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Retired Military Finances 301: ILITs

Insurance Estate Planning

I often hear (normally from insurance agents) that life insurance is tax-free. That is only partially true. Life Insurance proceeds are not subject to income tax. They are however potentially subject to estate taxes. Now for the last 10 years or so, estate taxes haven't been an issue for most retired Senior Military Officers and NCOs. I'm not sure, but that could change with the current (2021) administration and Congress. While it is too early to take action, it isn't too early to learn about options to legally avoid estate taxes on life insurance proceeds.

Life Insurance and Estate Taxes

As I mentioned above Life Insurance proceeds from policies owned by the decedent are part of the decedent's taxable estate. If that estate exceeds the estate tax exemption, the portion that does exceed the exemption will be subject to estate tax. Currently the estate tax maxes out at 40% for estates that exceed the exemption by $1M or more.

It is worth noting that there is an unlimited marital exclusion so your spouse receive Life Insurance proceeds and other assets with no estate tax due regardless of the size of your estate. That won't be true when your spouse dies, so ultimately the life insurance proceeds still could be subject to estate tax.

If anyone other than your spouse is the beneficiary of your Life Insurance policy, the proceeds are part of your taxable estate.

Enter the ILIT

ILIT stands for Irrevocable Life Insurance Trust. Here is how it basically works:

  • You establish an ILIT with your estate planning attorney
  • You transfer money to purchase a life insurance policy or a life insurance policy to the ILIT. You can't undo this (hence the word irrevocable)
    • If the transfers are greater than the annual gift tax exclusion you'll need to file a gift tax return
      • If you transfer a Life Insurance policy, the cash value is the amount you use to determine if you exceed the annual exclusion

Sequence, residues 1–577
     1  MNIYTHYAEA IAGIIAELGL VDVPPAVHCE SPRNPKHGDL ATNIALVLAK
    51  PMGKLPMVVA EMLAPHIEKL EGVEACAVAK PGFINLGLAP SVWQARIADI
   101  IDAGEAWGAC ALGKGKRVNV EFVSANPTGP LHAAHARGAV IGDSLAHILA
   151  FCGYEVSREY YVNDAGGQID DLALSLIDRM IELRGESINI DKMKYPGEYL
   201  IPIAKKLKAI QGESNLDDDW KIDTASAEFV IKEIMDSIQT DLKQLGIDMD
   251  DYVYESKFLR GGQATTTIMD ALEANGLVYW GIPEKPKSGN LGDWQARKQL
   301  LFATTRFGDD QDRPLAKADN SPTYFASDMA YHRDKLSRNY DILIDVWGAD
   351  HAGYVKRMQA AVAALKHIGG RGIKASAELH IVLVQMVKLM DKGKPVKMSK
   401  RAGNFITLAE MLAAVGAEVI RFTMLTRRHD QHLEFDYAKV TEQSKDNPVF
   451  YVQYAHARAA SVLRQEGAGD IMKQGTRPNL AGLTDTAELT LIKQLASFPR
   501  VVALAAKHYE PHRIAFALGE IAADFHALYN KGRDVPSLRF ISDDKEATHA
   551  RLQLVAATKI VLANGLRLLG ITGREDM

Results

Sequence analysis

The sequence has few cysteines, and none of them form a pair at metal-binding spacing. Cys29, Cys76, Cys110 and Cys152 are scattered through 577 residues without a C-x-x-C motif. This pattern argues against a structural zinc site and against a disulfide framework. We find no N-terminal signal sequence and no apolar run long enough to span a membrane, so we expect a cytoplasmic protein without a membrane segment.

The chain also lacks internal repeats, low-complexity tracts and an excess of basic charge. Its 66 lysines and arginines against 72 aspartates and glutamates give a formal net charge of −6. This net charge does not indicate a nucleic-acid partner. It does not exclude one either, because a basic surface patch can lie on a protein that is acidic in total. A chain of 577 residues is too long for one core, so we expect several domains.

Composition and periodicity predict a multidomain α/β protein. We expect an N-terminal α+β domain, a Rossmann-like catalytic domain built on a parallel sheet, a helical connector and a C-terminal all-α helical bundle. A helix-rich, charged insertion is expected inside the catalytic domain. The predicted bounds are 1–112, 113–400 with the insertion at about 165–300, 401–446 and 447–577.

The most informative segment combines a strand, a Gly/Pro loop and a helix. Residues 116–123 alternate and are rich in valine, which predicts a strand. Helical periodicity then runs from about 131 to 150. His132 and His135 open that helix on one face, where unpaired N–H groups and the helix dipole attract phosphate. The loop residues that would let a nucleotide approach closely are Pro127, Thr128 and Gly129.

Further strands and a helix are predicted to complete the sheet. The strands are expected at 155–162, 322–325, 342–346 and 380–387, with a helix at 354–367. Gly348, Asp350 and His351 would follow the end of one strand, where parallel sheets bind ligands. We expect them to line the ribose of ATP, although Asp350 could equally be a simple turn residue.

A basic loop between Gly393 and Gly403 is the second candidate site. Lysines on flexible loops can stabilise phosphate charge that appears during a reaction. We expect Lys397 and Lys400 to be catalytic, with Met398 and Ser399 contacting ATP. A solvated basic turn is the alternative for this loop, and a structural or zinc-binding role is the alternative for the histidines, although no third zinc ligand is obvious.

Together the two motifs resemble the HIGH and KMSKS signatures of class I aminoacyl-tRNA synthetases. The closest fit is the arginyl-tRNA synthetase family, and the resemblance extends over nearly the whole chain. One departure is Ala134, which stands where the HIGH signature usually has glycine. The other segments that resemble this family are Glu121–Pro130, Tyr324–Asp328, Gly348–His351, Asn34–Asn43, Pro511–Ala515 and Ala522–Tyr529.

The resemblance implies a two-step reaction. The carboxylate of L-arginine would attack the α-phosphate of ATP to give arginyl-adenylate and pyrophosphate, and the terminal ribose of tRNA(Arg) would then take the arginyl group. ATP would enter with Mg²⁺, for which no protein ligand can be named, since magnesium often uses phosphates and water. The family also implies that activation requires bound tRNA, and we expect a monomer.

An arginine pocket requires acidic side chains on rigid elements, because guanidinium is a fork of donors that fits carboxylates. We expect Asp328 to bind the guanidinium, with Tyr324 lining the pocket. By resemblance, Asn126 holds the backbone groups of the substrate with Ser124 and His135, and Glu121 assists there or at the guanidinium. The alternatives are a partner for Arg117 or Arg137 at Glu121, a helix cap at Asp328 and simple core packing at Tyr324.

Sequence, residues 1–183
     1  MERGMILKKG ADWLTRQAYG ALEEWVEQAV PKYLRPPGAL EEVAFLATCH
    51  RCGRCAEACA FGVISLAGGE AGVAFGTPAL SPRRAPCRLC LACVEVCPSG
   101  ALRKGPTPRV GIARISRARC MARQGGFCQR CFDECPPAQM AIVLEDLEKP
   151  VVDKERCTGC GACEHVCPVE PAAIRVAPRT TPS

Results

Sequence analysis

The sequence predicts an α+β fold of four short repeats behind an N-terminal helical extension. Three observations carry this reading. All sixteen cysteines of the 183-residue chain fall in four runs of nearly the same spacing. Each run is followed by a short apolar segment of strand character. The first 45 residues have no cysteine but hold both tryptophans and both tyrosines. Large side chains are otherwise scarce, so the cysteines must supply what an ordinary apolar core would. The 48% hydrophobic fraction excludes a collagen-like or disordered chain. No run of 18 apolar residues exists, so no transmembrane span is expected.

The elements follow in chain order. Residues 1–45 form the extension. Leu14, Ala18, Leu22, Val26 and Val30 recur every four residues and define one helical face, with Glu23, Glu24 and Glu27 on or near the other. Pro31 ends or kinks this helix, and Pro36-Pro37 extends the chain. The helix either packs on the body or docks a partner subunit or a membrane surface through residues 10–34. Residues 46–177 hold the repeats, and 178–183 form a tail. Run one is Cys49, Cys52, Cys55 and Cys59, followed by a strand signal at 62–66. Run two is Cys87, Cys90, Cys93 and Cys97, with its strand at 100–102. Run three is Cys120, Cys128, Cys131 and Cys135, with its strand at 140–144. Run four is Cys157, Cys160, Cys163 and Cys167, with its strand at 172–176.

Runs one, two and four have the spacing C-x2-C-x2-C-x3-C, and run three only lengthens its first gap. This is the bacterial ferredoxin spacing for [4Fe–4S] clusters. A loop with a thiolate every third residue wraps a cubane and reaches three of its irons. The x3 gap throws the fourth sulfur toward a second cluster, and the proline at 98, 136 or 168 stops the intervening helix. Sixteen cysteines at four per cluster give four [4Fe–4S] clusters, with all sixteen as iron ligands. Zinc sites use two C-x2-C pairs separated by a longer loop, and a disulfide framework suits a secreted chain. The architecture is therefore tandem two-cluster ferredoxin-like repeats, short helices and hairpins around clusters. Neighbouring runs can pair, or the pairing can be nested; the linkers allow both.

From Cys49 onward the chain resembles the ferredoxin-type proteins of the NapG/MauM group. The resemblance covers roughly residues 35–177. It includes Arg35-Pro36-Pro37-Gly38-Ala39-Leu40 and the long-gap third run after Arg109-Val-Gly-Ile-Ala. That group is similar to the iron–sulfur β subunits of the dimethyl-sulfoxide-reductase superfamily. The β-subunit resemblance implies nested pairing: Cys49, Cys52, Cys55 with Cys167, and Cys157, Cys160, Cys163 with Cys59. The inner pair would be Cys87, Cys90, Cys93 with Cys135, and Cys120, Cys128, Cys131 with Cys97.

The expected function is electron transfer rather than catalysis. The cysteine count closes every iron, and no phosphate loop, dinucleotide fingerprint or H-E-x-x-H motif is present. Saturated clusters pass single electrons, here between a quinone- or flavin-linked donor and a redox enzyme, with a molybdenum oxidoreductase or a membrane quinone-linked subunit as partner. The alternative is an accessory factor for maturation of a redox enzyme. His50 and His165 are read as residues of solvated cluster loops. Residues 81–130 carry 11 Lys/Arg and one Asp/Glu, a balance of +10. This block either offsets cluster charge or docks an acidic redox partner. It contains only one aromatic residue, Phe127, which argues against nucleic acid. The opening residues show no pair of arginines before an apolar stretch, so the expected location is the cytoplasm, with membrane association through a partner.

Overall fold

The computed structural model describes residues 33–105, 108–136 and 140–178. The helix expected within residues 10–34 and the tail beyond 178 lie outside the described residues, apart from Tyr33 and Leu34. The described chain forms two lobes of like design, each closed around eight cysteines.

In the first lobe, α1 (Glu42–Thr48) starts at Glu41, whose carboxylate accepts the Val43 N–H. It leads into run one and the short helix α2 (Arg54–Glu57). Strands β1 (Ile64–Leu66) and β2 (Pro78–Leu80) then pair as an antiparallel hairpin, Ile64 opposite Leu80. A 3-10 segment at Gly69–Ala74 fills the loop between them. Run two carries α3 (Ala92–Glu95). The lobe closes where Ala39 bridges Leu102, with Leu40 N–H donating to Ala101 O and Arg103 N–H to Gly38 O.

• If you transfer cash, that is the value you use. In both cases, two spouses can contribute twice the annual exclusion
  • The ILIT is named as the beneficiary of your insurance policy
  • The trust document setting up the trust, specifies how the life insurance proceeds can be used
    • Surviving spouse can be beneficiary with other individuals named as beneficiaries after the surviving spouse passes
  • You continue to gift funds to the ILIT to pay the premiums going forward to keep the policy in force

It's Not that Simple Though

That is a very simple explanation. As with all things estate planning and tax planning related, the devil is in the detail. Here are some things you need to watch for

  • There is a 3-year look back (for all gifts). If you set up the ILIT within 3 years of your death, assuming the insurance policy is on you, the Life Insurance proceeds will be included in your taxable estate
  • You need to really give up control of the insurance policy (for instance, you can't change the beneficiary(ies))
  • Funding needs to be done very carefully

The best way to make sure you dot all the i's and cross all the t's is to work with a competent estate planning attorney.

Military Finances are Different

While this subject applies to all Americans, that isn't always the case. There are a lot of differences between financial issues facing active and retired military members and civilians. That's why we think you should work with a financial planner that deals with military and veteran finances each and every day. If you'd like to chat, give us a call or sign up for a free initial consultation.


If you found this article useful, you might like the following blog posts:

Inherit the Family Home? Tax Consequences for Military Officers


What Happens If a Military Officer Dies Without a Will


What Military Officers Need to Know About TSP and Estate Planning





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